It’s hard to believe so many things about being in Monaco. The fact that we’re staying above the Fairmont Hairpin, the most famous loop of the Monaco Grand Prix, or that we get to live and work every day right along the glistening Mediterranean Sea, or that we’re even here in Monaco at all – I’m pinching myself between every course of our elaborate three-course dinners (which, incidentally, helps to keep one from falling prey to jet lag!). Most of all, the fact that the opera is finally coming to fruition and that the world premiere is next week is completely surreal. Ariane Martins, one of the producers of the opera, said it best when she wrote,
“In my first days working with Tod back in 1999 – at the time helping with the final production stages for turning his Brain Opera project into a permanent installation at the Haus der Musik in Vienna and gearing up to start producing Toy Symphony – I heard for the first time about the seed idea for what became the Death and the Powers opera. It’s truly amazing to think that the company is now finally getting ready to head to Monaco for the premiere!”
Over ten years have passed since Death and the Powers was conceived, and in the next two weeks it all comes together. Now THAT is hard to believe.
I traveled to Monaco almost all of yesterday with the robot team, which consists mostly of undergrad researchers (or UROPs) from MIT. After we arrived at the Monte Carlo Opera House, the UROPs headed right to the workshop, where they unpacked the robots and assessed the extent of the work to be done:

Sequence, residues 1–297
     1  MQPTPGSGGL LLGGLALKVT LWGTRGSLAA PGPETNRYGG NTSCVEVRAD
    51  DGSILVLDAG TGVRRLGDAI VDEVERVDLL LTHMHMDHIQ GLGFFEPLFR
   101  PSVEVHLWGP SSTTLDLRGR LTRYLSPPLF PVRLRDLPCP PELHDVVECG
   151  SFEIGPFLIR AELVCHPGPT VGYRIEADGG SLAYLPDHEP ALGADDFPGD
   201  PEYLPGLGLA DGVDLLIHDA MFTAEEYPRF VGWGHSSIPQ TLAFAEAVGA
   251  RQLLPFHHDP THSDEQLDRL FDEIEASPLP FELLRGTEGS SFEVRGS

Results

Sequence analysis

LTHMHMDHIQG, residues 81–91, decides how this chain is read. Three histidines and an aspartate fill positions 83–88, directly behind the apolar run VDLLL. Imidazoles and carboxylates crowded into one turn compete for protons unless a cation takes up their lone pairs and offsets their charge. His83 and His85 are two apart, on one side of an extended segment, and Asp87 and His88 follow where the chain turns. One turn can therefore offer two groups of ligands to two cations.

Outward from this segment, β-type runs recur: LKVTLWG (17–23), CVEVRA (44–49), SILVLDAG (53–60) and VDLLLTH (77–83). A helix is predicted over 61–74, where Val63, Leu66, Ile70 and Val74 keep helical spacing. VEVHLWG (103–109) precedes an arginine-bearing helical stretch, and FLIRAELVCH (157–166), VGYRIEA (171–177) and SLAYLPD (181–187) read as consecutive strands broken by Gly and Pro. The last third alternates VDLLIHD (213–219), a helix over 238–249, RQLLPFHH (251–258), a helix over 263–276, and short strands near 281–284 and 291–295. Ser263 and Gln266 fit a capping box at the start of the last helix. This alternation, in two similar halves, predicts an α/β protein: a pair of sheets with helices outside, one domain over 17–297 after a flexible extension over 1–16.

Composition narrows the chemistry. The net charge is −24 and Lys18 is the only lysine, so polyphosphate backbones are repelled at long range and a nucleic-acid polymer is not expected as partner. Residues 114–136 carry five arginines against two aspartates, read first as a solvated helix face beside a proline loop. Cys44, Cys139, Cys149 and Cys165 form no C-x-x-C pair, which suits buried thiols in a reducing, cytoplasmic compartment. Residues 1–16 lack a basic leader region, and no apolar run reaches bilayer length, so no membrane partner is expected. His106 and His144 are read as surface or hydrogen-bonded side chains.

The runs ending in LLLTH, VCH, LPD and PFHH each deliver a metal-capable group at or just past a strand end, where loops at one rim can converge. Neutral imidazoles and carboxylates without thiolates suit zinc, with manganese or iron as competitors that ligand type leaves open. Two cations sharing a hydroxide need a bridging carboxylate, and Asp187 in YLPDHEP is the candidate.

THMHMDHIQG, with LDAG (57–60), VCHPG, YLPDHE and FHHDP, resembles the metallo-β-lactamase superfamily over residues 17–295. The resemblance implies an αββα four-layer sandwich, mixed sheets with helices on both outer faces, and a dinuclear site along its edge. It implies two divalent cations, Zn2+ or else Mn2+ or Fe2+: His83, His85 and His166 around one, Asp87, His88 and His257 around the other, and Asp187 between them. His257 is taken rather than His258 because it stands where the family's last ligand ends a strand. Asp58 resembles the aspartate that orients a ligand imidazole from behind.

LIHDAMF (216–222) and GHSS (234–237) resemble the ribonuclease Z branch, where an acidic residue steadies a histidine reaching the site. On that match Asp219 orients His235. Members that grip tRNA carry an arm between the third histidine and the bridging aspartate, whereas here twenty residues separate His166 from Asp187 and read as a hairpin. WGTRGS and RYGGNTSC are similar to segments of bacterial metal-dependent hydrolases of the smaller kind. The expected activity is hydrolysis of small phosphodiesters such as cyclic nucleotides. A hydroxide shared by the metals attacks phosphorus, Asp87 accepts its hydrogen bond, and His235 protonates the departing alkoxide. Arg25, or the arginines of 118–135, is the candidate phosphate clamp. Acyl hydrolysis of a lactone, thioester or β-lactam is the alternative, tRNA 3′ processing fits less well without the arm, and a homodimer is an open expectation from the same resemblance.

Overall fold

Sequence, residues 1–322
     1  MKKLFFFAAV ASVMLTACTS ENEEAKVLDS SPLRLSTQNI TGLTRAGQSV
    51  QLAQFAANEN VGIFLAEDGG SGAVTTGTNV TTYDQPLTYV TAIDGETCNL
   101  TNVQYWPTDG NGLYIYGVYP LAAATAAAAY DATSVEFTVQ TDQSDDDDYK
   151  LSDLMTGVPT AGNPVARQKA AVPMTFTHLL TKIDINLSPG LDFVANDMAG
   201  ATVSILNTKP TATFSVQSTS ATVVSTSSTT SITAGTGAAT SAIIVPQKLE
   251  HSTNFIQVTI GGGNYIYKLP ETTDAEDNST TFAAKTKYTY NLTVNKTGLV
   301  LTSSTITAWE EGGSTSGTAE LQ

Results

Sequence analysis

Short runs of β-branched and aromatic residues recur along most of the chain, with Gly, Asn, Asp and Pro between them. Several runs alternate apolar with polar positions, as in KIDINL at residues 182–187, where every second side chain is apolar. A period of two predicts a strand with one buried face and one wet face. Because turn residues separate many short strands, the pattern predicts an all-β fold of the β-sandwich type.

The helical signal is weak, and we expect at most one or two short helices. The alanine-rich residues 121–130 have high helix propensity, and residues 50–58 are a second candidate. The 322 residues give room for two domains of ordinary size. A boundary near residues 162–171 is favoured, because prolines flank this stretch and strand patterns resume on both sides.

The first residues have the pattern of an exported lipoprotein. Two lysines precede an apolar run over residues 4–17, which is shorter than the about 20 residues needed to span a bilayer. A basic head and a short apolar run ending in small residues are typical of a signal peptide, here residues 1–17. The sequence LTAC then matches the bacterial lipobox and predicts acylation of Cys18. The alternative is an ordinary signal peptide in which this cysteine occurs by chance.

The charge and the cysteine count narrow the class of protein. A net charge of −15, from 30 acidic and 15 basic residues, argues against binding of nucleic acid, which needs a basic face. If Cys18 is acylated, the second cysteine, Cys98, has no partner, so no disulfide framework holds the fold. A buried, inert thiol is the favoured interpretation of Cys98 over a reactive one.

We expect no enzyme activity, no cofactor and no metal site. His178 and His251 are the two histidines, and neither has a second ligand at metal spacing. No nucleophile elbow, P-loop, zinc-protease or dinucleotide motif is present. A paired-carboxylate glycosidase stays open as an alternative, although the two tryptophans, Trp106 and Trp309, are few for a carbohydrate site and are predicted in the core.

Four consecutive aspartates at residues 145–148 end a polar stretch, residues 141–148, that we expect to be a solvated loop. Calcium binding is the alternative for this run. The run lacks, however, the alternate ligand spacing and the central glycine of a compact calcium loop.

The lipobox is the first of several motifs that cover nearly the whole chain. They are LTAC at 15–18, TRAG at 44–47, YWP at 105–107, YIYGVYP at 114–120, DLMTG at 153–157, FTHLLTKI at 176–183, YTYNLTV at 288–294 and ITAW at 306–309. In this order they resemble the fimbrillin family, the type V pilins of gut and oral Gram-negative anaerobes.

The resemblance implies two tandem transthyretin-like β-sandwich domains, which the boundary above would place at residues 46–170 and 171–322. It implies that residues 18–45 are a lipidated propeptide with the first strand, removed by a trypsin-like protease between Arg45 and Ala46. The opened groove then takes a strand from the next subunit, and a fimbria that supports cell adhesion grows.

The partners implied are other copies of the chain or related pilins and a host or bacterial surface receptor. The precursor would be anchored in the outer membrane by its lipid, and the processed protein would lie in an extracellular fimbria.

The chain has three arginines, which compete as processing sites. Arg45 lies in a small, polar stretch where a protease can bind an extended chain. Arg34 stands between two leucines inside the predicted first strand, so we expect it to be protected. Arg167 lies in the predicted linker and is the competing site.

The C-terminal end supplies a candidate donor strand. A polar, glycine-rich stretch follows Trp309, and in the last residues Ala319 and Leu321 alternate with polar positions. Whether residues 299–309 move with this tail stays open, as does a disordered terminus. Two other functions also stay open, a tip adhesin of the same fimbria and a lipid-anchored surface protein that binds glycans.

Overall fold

Acclimating to working in Europe has been challenging for a number of reasons, including the language barrier with the stage crew, the limitations on internet accessibility, and the time difference between here and home (since we’re being honest here, there have been a fair number of naps taken in between long work sessions). Still, the robot team – as well as the rest of the Opera of the Future and Futurum – are working tirelessly to pull off an incredible show next weekend, and even after only two days, the effort is paying off.
Tomorrow I’ll be filming our first exclusive interview with Tod Machover, the composer, and will also hopefully (should the internet connection be more lenient) be posting an interview with Frank Kelley, David Kravitz, and Tom McNichols, who play the United Way, the United Nations, and the Administration, respectively. Until then, good night from Monaco!